Darién and the psychology of Scottish adventurism in the 1690s
in Imperial expectations and realities
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The Darien scheme was one of the most spectacular imperial misadventures of early modern history. The Darien scheme has all the hallmarks of an authentic Scottish 'El Dorado' moment. There were widespread symptoms of a genuinely El Dorado excitation across Scotland. The social psychology of El Doradoism entailed a heightened collective enthusiasm for a distant enterprise, and the implicit negotiation of risk in a colonial setting. Colonisation, especially in the seventeenth century, was always a speculative enterprise, associated with high risks and heavy persuasion, often also with exaggeration and deception. In 1684 Robert Barclay had sought emigrants for the colony of New East Jersey in a deliberate effort to recruit Scots. The emigrants were also to be accompanied by ministers who were 'enjoined to instruct the native inhabitants in the gospels'.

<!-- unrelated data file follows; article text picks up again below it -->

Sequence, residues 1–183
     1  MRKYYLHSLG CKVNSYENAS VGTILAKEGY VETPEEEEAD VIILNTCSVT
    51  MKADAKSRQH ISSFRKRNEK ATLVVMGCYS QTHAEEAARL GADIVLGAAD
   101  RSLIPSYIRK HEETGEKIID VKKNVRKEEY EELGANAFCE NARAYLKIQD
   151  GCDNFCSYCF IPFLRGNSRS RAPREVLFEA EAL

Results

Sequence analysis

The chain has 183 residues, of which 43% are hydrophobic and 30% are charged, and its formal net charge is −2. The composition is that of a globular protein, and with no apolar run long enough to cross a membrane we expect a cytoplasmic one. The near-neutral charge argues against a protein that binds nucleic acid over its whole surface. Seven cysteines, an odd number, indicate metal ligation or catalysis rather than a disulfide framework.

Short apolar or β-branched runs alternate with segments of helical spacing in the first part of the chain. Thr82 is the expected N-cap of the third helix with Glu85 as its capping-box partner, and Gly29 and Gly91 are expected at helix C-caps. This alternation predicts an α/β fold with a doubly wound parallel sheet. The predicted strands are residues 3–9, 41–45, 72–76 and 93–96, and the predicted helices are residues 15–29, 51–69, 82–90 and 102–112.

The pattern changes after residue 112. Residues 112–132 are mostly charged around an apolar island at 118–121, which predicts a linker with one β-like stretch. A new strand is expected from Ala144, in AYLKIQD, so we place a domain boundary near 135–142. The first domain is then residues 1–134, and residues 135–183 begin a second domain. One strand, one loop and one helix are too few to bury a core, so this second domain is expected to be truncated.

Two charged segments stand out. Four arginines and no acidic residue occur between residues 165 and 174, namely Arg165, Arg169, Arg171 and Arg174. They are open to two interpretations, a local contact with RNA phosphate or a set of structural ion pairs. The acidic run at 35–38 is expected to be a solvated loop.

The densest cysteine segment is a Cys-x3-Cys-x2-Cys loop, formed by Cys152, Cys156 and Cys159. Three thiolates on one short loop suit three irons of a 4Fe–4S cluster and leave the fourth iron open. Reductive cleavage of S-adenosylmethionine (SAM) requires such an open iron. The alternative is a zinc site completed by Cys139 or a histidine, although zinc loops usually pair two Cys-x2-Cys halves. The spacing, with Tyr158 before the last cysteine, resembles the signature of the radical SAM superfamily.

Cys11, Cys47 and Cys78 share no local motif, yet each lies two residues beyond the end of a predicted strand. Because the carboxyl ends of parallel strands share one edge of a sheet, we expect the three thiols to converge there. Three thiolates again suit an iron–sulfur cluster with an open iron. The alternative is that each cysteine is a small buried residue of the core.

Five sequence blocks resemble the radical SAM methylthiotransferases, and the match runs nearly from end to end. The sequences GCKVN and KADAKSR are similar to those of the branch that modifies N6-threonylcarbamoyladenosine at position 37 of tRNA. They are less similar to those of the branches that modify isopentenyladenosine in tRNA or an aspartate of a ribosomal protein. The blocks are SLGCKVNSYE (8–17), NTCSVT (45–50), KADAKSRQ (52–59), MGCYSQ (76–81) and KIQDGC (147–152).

Imperial expectations and realities

El Dorados, utopias and dystopias

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